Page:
Something else I started doing was keeping the calendars from the year before. Many of them had pictures of art or nature and I found these worked well for wrapping gifts. They’re of a more set size but I put one calendar page on one side and a different one on the other side of the gift. The paper is thicker and harder to handle. Lightly scoring it with a blade makes it bend around corners better and the gift won’t poke through the paper.

Sometimes items are just the wrong shape for the paper you have on hand. And some shapes aren’t an easy rectangle or sphere. For the holidays, I make cloth bags. Buying cheap Christmas/seasonally imprinted cotton and stitching on a string is the easiest way. If I don’t leave wrapping to the last minute, I can even put in a drawstring. The bags can then be used in other years to put gifts into or for carrying shoes, laundry, food, whatever. People have used them for different things. If I know someone is a sewer, I’ll just buy a piece of cool fabric and wrap it around the gift, making it part of the giving.

There are many alternatives to using up wrapping paper for gifts. A cookie tin, a jar, a wooden box can all be included as part of the gift and lessen the wastage on paper materials. Recycling is always there but if you don’t use the paper to begin with, then it doesn’t have to be recycled.

Leave a comment

Filed under consumer affairs, Culture, environment, people, shopping

T’is the Season…

…for gross consumerism. Once upon a time it used to be that Christmas began in December and actually meant something spiritual. (I’m picking on the Christian, sort of, holiday because I don’t know if other faiths go mass market this time of year.) Then stores decided it was best to put out all the seasonally afflicted merchandise at the beginning of the month. Soon, it seemed like a smart thing to put out the holiday decorations right after US Thanksgiving. Get all the turkey, fall and feasting goods done with, then there is room on the shelves for the next festivity. But someone decided that Thanksgiving wasn’t big enough or didn’t dent the shelves with related crap, so Christmas decorations and lights and cards started coming out after Hallowe’en. We’re now two months before Christmas and that hasn’t been enough. This year, I saw Christmas related crapola in stores in September. Soon, we’ll have it year round.

This frantic marketing makes me less seasonally cheerful and downright grumpy. A festive occasion is just that, an occasion, not a year-long extravaganza. It takes the specialness of the time away when one is inundated with the same driveling songs for months, though I notice that the stores do hold off on the tunes or their employees would go postal. But seeing the ho ho ho bits and garlands and cards and hats and stockings and lights etc. really kills the feeling for me.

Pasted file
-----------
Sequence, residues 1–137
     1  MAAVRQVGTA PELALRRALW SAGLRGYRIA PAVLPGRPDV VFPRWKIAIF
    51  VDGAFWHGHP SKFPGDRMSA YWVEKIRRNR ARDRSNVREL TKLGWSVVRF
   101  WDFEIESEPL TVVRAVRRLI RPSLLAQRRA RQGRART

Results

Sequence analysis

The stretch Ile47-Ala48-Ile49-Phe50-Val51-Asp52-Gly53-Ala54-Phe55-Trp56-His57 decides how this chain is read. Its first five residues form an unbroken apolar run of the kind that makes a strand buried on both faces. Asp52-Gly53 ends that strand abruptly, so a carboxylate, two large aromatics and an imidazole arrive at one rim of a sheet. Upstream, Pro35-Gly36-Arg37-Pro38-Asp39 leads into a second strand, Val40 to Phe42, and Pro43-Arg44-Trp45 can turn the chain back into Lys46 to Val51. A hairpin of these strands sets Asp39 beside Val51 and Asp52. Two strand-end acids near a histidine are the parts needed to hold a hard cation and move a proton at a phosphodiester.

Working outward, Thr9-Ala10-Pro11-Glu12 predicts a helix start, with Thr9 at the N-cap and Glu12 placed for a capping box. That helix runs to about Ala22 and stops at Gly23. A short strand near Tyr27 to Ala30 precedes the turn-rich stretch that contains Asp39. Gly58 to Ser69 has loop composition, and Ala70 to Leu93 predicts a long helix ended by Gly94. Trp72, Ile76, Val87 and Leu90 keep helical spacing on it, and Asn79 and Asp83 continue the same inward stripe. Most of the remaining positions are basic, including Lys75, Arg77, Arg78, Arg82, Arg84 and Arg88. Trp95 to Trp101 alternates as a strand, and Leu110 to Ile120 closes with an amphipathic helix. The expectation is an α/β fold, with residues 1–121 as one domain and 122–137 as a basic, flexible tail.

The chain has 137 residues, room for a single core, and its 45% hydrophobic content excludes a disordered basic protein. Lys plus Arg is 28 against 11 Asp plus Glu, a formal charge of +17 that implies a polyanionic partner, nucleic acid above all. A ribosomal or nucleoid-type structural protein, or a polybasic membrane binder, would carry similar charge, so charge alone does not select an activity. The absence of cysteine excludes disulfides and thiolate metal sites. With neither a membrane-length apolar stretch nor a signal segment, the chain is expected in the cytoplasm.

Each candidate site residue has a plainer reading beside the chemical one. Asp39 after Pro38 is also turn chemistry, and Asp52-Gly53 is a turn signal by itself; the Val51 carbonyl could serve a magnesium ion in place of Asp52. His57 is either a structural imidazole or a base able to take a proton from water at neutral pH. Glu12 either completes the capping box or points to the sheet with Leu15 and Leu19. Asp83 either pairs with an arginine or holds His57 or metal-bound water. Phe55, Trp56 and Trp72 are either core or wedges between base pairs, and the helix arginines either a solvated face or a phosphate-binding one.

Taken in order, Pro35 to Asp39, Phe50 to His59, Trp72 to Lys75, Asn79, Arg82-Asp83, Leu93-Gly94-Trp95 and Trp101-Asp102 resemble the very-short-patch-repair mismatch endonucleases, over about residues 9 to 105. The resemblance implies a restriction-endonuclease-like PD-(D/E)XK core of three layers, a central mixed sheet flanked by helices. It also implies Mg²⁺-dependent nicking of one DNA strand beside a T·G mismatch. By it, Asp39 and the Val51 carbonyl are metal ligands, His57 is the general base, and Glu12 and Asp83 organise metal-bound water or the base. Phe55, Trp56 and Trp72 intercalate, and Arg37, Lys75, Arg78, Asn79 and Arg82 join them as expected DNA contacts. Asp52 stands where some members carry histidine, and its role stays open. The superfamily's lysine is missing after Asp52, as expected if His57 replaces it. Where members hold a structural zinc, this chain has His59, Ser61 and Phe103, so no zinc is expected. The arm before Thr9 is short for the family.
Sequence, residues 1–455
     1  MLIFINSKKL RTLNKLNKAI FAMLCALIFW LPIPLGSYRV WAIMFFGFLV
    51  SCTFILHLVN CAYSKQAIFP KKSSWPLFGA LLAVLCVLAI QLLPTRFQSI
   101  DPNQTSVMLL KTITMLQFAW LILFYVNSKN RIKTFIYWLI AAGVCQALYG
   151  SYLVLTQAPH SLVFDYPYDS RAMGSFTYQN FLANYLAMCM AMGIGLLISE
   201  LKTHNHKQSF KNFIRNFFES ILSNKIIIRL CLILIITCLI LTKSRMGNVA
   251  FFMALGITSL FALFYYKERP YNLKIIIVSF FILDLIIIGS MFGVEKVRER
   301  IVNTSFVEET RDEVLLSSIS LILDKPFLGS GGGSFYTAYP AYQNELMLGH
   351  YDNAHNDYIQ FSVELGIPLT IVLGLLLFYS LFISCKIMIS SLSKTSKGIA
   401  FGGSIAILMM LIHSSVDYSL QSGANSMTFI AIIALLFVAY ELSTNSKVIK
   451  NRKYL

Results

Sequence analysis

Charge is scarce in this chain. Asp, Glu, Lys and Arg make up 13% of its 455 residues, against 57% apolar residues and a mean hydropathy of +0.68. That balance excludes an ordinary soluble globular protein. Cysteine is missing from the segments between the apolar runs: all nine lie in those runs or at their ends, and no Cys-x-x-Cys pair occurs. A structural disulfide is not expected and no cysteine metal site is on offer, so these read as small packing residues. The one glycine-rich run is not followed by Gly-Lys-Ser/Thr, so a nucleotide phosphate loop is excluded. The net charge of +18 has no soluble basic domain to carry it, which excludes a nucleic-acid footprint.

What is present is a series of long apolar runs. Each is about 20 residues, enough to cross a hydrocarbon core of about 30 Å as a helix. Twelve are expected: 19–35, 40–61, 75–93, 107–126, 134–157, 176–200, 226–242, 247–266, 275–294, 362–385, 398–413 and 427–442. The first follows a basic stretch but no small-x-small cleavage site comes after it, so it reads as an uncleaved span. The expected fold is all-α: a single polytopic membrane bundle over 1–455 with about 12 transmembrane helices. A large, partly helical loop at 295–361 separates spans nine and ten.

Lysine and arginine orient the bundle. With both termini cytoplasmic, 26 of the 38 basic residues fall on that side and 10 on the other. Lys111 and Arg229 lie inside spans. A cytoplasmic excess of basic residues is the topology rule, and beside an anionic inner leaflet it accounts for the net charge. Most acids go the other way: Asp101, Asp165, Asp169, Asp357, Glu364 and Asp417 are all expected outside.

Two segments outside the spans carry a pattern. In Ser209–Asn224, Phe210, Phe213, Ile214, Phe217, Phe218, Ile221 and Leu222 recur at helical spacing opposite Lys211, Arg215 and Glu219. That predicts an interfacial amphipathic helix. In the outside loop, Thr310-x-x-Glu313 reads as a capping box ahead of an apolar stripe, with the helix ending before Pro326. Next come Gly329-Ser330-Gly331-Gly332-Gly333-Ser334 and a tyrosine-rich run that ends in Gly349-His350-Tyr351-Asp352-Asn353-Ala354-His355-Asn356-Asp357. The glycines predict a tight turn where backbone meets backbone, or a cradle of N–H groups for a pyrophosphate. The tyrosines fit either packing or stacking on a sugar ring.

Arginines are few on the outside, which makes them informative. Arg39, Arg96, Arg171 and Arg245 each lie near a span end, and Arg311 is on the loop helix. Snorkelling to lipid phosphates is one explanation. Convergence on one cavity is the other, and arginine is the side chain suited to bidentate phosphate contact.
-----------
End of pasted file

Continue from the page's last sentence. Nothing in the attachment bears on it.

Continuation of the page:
But what is at the root of all this? Obviously it’s greed, and probably the whole fear around the economy has whipped store execs into a froth where they’re pushing everything onto shelves early. Buy buy buy, more more more. Make it super duper very bright, large and festive and red and green. It’s enough to make all the reindeer drink until their noses are red.

The problem is that our society is based on a consumerism that is supposed to always grow. Sell more cars, sell more clothes, sell more everything or we can’t get bonuses and more money to buy more stuff. What happens when the quantity stays the same in consumer purchases? Take cars for example. You can’t price them out of everyone’s pocketbook, but there’s another way around it. Make them so they don’t last as long. A Model T Ford could run for fifty years but we’re lucky now if we get cars that make it to ten years. Planned obsolescence. Printers are the same. They cost less than a hundred bucks to buy but the ink cartridges that you have to keep using (and therefore should be cheaper because of mass consumption) are $60-$80. Not because ink is that expensive but because the company has to make money. Some printers are designed to eat ink every time you turn them on so feasibly you could use up a cartridge without printing a page (I got rid of that one fairly quickly.)

What happens when we have enough, when growth stays the same? Or what happens when the baby boomers stop buying and the next gen buys less? Panic. Maybe the economy fireworks didn’t have to happen right now but it was bound to happen sooner or later. I thankfully, have only worked for one company where “grow grow grow” was their motto mixed with a lack of understanding people. People left on stress leave and others were walked out the door almost regularly. I hear this company was bought by a company wich was bought by a company and that more changes are happening. I’d rather slide down razor blades into a vat of vinegar than work there again.

So be prepared. Those Boxing Day sales have become Boxing week sales and pre-Christmas/Boxing week sales. They’re about to become Christmas month sales and yet there will be more and more and more stuff. Costco has mass Santa suits that you can buy for cheap. Now every little Santa will look the same. How sweet. And if you think that Santa at the North Pole is kept busy with all his elves working over time because of the mass merchandising, think again. The little fellas have been laid off to cut costs and because everything was farmed out to a third world nation where the kids get to toil for twenty hours a day. Ho ho ho, enjoy the consumerism.

Leave a comment

Filed under cars, consumer affairs, Culture, entertainment, life, people, religion, shopping